Monday, December 26, 2011

The Clever Tippler

Myrna ___ (3 letters)
Nick and Nora's dog (4 letters)

It's now many years since I would do the crossword puzzle on a regular basis.  Yet I've still got recollections from when I did them.  One is about learning words that were puzzle regulars; they had no other use in the vocabulary, as far as I could tell.  Asta was one of those words.  I had never seen the movie starring William Powell and Myrna Loy nor had I read the novel by Dashiell Hammett.  But I did know Asta.  Some years later my wife and I watched one or two of The Thin Man movies on TV, though I don't recall which ones.  I remember it more for the gay repartee than for the story, a pleasing alternative to all those movies with big special effects that the kids seemed to like. This month Turner Classic Movies has been featuring William Powell and a few nights ago they aired all six of The Thin Man movies.  I recorded the first four, on the theory that eventually I would saturate watching those.  I've now watched two of the four and realize I made a mistake not recording the other two.

Robert Osborne's introductions to the films are very helpful.   The first film, The Thin Man, is from 1934.  Incidentally, the title does not refer to the William Powell character but rather to the first murder victim.   The film was intended as a minor work, something to show folks who went to the movies before the feature was shown.  But it was extremely popular in its own right and thereby became a franchise. As Nick and Nora Charles were members of the leisure class and the film debuted at the height of The Great Depression, one might reasonably ask what caused the film's great popularity.  Indeed, the question seems quite relevant today, as the super rich increasing appear as victimizers rather than heroes.  How did the super rich appear to the ordinary Joe during the Great Depression?

The story is first and foremost a whodunnit.  Nick Charles, a former gumshoe, has married Nora, a wealthy heiress.  So while Nick Charles is in a class with Sherlock Holmes, Hercule Poirot, then later Perry Mason and  after that Adrian Monk, destined to solve the mystery, there is the unique aspect in how his relationship to Nora interplays with the rest of the story.  According to Wikipedia Dashiell Hammett's fiction is hard boiled.  Certainly, one would have that impression from viewing The Maltese Falcon.  Yet Powell and Loy play Nick and Nora as light farce, with the occasional quip and more frequent childish facial expression.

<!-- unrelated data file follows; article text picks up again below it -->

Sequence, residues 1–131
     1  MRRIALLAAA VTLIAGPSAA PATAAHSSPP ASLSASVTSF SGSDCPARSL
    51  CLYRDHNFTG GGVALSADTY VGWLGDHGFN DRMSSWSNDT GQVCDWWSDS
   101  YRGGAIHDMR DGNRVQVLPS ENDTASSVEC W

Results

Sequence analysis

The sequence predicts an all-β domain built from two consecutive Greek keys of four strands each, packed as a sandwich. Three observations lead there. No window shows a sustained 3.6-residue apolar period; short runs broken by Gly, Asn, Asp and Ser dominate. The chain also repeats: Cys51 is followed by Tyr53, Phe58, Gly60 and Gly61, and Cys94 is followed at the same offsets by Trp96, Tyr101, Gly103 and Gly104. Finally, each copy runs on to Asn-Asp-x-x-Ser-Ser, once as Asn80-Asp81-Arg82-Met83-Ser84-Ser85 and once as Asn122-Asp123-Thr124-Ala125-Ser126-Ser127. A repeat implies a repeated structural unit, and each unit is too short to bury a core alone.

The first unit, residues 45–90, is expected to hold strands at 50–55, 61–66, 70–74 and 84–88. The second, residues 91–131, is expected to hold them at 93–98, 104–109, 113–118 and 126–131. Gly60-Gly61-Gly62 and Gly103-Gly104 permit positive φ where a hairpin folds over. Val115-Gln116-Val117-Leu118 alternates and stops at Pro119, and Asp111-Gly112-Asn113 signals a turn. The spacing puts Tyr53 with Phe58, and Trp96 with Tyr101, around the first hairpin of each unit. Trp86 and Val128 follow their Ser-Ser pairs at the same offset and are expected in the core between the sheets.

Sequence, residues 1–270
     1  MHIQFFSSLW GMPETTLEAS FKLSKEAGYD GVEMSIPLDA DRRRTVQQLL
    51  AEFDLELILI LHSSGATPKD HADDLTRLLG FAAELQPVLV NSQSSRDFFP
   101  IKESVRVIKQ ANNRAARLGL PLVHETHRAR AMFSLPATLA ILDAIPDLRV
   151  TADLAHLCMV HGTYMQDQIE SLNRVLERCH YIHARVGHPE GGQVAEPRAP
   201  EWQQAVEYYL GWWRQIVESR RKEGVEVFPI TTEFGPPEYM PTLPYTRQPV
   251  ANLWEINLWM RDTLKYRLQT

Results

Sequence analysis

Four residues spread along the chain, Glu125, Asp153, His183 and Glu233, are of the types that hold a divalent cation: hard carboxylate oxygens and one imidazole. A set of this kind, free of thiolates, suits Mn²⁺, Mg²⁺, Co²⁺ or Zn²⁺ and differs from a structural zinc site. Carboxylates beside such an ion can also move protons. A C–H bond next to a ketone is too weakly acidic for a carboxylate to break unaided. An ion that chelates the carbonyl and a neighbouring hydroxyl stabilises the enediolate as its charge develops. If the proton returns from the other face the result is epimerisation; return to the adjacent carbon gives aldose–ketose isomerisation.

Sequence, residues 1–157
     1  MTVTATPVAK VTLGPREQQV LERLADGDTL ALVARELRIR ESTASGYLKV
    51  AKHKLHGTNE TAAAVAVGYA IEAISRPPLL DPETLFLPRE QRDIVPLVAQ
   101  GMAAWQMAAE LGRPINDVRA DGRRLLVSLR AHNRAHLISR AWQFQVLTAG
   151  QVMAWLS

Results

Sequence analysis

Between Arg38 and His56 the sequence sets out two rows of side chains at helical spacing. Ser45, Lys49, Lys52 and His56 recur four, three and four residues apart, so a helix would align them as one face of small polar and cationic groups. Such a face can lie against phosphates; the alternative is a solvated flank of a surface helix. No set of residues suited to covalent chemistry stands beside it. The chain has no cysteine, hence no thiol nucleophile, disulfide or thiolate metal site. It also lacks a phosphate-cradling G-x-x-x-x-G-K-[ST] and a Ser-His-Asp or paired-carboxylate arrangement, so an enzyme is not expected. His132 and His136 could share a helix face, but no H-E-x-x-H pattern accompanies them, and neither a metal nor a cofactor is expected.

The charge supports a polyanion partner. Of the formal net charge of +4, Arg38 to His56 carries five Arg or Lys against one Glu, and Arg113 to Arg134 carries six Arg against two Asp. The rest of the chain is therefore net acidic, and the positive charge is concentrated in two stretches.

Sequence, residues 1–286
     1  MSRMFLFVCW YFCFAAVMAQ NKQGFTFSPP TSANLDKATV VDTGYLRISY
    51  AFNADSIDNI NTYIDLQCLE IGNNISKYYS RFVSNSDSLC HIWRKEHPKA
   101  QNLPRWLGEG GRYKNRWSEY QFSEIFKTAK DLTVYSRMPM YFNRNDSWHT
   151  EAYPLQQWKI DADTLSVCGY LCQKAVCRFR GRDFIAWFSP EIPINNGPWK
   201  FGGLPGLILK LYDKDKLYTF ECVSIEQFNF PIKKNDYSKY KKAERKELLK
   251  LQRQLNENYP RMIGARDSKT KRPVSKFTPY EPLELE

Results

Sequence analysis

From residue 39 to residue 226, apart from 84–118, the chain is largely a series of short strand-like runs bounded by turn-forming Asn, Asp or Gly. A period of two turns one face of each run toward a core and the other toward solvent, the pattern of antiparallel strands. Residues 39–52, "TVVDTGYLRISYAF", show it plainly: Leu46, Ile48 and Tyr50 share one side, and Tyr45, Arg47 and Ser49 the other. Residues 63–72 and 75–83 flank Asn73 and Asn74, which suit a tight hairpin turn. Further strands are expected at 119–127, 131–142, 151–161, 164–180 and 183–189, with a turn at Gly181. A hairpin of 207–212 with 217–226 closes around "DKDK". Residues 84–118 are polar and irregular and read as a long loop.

When we first confront Powell on the screen he seems a bit tipsy, apparently slurring his words, drink in hand, it's not clear whether he can make out what's going on.  The drinking is a kind of virtuous vice, a fitting activity for one of his station.  His playful devotion to Nora more than makes up for it.  She is his equal in loyalty and disposition.

Nick seemingly knows everyone - the police and many former or current hoodlums.  Among that latter group, he has sent many of them or their friends or relatives up the river.  They don't begrudge Nick for this.  He was a professional doing his work.  He treated them squarely and they got what they deserved.  Nick will drink with anyone, including the hoodlums.  Nora, by association, will do likewise.   She is interested in all things Nick.  Since detective work was so much of his past, she is fascinated by that.  She seems oblivious to the potential danger.

At various times when there is real investigating to be done, he gives her the slip, whether for her own protection or because as an amateur she'll get in the way.  He then appears to be serious minded and all business, in search of essential clues.  Before that, when they are in a social setting, he seems first and foremost to be after a good time.  Yet he is able to take in evidence even then.  In order to make sense of what is really going on, he needs to know everyone's story.  A good chunk of that story he learns en passant while socializing.

The actual police seem if not entirely witless then nevertheless none to bright.  They welcome having Nick as a partner because he is much better than they are at deciphering what the clues actually mean. That intelligence earns Nick respect.  Further, he does not put on airs about the case when he has figure out an important point but says what he means.  Yet there is an easy grace about his demeanor. 

Robert Osborne says that Powell's style of acting went out at the beginning of the 1950s, to be replaced by the realism of Marlon Brando and James Dean.  Undoubtedly, he is correct in that assertion.  The time is ripe, however, for the Nick Charles approach to make a comeback, and not just in the movies.

No comments: